WASHINGTON (Reuters) - International anti-hunger activists expect the Obama administration to propose major reforms to its food aid efforts in which the United States would donate cash instead of shipping U.S.-grown food to trouble spots around the world.
The White House declined to comment on Friday on its plans. But people who have heard the plans said the administration has discussed the strategy with interest groups and lawmakers and touted it as a way to save money while still keeping the United States the global leader in food aid.
Many anti-hunger groups back the new strategy, but other groups, including domestic producers who sell food to the program, oppose the change.
Several food aid groups said the switch to cash from food donations will be part of the administration's budget proposal next week. Such a switch would be the biggest change in U.S. food aid programs since they were created during the Cold War.
Funding for food aid would drop by roughly 25 percent under the proposal, said activists familiar with the plans. However, cash donations, coupled with purchase of food near the trouble spots, are a speedier and less costly way to deliver assistance, backers of the so-called local purchase approach said.
Up to 45 million people a year are helped through the Food for Peace program, funded at $1.4 billion this year. Food for Peace was created in 1954 to help fight poverty overseas while also unloading domestic farm surpluses. Nowadays, the government buys the food that it donates.
Aid groups say Food for Peace would be mothballed along with the $170 million-a-year Food for Progress program, designed to encourage free markets in agriculture in developing nations. Instead, $1.3 billion would go into State Department accounts for disaster relief and local development.
The State Department also runs Feed the Future, an Obama administration initiative for government and private sector work toward local food security. While most of the Food for Peace funding is spent on emergency hunger relief, up to $450 million a year is earmarked for projects to boost local food production, to reduce the need for ongoing hunger relief.
U.S. funding for food aid and international agricultural development has come under pressure in recent years as deficit reduction has became a paramount goal in Congress.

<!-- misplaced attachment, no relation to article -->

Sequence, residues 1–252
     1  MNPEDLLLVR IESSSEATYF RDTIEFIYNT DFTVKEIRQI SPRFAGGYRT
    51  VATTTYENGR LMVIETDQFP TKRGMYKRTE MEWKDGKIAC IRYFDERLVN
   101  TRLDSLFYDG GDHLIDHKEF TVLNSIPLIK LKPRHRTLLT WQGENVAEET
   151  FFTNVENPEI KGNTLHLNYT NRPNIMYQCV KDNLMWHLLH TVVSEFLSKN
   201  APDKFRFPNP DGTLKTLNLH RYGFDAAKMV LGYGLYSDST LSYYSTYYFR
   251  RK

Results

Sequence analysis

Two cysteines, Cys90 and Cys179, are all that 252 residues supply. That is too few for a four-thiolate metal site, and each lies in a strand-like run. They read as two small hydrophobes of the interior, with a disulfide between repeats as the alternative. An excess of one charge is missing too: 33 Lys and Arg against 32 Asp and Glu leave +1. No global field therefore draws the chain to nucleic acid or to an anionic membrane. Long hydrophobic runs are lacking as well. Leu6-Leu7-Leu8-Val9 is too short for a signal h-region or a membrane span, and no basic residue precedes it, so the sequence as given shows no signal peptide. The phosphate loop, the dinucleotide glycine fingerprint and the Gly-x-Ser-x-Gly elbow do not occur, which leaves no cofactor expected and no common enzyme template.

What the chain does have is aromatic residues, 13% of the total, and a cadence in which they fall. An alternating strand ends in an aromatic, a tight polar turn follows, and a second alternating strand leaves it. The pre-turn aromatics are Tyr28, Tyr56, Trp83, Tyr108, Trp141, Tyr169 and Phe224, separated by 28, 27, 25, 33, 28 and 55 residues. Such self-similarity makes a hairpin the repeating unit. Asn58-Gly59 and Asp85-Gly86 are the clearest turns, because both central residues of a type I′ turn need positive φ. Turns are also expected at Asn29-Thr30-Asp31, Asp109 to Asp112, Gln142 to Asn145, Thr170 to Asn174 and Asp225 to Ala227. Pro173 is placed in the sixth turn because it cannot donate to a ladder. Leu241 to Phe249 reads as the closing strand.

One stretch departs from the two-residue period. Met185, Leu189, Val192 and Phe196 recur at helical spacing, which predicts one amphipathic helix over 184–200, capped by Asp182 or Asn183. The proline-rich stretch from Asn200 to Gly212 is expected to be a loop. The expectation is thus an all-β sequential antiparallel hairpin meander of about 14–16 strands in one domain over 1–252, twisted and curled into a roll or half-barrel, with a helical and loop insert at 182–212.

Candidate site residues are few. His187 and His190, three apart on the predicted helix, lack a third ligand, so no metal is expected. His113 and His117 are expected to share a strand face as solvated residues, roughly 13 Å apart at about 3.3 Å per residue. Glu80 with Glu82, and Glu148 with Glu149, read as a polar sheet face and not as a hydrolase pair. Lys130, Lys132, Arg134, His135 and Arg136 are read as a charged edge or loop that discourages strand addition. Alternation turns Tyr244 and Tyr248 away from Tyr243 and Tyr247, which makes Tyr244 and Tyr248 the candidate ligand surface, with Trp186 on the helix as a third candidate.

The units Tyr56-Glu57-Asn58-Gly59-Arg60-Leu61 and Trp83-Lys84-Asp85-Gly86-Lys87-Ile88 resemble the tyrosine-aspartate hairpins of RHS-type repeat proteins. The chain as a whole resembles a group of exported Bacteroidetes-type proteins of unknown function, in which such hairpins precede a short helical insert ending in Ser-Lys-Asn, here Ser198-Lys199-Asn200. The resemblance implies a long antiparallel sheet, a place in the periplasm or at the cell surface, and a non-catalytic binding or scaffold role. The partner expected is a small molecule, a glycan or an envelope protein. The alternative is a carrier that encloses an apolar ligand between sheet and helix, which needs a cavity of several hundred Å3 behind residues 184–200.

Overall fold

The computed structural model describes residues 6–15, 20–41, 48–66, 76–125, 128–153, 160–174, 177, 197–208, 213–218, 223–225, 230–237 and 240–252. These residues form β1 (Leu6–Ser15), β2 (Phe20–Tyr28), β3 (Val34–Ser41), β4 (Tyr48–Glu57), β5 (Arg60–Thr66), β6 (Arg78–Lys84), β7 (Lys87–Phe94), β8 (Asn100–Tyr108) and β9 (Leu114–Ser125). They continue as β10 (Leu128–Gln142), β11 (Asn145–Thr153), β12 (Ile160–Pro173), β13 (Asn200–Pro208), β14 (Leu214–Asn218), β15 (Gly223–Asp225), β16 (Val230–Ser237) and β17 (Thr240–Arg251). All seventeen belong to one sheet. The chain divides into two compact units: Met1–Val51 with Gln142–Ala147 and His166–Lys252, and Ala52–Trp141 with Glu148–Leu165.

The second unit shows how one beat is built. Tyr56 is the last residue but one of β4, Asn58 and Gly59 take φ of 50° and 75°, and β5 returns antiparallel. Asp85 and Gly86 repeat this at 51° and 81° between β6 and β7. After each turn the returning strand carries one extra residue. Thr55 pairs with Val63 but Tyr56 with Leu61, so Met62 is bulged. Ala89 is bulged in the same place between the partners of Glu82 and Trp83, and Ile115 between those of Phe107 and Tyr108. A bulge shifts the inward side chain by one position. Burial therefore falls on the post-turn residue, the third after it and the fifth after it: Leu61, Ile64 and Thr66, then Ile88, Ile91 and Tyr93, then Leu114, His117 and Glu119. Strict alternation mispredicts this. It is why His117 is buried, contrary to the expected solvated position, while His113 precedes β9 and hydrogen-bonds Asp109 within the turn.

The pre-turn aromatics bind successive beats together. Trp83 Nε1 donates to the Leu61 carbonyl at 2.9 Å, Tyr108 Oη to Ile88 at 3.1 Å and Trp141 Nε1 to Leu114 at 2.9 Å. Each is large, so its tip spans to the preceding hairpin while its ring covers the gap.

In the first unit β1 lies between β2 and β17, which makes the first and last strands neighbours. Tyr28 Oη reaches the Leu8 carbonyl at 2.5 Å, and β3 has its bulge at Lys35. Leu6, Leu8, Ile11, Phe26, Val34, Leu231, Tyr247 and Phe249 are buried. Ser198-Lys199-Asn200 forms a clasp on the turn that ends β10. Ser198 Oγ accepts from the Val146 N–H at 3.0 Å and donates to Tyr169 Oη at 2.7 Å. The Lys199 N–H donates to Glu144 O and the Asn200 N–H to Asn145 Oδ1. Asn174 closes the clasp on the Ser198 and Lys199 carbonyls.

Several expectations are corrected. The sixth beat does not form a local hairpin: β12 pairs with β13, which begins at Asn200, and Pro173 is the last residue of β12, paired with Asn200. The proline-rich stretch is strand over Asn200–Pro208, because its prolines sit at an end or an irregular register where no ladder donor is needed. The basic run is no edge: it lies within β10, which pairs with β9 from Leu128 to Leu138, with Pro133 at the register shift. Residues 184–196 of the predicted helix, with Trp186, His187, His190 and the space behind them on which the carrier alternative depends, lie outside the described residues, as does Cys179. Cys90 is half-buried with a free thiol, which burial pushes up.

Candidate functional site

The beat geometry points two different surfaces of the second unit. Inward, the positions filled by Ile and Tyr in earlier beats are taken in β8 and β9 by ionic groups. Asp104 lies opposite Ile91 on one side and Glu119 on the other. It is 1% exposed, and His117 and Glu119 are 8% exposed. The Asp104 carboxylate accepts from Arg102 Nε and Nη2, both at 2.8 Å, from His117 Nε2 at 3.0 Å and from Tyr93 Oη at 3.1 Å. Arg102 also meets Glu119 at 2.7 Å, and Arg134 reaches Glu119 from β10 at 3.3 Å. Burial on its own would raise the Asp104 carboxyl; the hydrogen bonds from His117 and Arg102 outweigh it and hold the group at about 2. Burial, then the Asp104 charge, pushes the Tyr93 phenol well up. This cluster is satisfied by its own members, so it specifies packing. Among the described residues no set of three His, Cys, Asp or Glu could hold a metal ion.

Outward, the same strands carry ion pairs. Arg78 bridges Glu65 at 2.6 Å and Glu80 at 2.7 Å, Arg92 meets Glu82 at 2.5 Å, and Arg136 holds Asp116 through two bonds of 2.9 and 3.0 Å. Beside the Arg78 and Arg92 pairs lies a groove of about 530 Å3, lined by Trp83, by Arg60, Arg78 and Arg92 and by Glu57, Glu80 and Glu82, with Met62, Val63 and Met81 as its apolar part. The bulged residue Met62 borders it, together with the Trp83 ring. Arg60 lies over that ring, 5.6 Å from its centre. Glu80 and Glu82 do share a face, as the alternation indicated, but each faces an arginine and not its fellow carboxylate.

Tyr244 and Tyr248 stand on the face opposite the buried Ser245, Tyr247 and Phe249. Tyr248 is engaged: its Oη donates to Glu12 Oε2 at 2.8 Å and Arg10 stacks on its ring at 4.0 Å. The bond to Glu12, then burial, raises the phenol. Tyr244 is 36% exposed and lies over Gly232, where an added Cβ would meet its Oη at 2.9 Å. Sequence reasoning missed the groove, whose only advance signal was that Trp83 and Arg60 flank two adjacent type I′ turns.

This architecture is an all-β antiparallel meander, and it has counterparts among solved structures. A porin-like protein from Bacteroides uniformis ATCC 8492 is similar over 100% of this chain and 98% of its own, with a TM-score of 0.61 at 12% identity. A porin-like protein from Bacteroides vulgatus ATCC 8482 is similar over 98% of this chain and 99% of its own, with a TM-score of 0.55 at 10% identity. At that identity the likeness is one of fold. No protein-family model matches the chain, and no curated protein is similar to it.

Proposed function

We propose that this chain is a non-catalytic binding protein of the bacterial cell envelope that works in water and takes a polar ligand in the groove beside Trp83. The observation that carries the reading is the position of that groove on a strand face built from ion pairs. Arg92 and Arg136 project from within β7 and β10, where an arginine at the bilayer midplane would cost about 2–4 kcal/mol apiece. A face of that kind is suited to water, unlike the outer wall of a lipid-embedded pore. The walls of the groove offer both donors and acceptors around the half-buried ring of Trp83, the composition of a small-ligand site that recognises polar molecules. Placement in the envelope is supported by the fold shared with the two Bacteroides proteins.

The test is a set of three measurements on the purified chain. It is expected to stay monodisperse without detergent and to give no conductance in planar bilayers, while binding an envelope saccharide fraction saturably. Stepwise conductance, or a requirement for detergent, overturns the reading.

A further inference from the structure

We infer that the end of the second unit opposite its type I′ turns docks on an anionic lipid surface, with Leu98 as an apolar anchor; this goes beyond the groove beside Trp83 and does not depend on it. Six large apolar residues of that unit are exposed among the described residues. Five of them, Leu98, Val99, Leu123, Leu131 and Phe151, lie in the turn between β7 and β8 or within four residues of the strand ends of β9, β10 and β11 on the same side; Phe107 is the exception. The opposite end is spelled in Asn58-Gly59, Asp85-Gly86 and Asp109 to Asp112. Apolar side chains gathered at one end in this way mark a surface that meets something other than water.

"We have to look for every efficiency we can," said Eric Munoz of Oxfam America, a prominent supporter of cash donation and local purchase. With lower delivery costs, local purchase "is a doubling of efficiency in our food aid programs," he said.
About half of the cost of U.S. food aid comes in paying to haul the commodities from U.S. ports. As a rule, at least 75 percent of U.S. food aid must travel on U.S.-flagged vessel, which can drive up costs.
A 2012 Cornell University study said local purchase "can often afford valuable cost and times savings." Grain can cost half as much, it said, although processed foods sometimes cost more locally or offered smaller savings.
Care, Actionaid, American Jewish World Service and Church World Service join Oxfam in support of cash donation. But U.S. farm groups, shippers and aid groups such as World Vision, International Relief & Development and Planet Aid say food donation is a proven system that should be kept.
"Be wary of claims that great sums will be saved and recipients will be better served by shifting all food aid funds to a flexible cash account," said Ellen Levinson, speaking for a coalition that supports food donation.
Levinson said local purchase has its limits. Food may not be available in the quantity, quality or variety that is needed for massive food programs.
The administration may guarantee U.S.-produced food a share of the revamped program rather than totally end food donation, according to groups on each side of the debate.
Nearly two dozen senators and an array of farm, maritime and aid groups wrote the White House in February to oppose a change in policy. "Food aid programs have enjoyed bipartisan support for 60 years because they work," said one of the letters.
Reporting By Charles Abbott; editing by Ros Krasny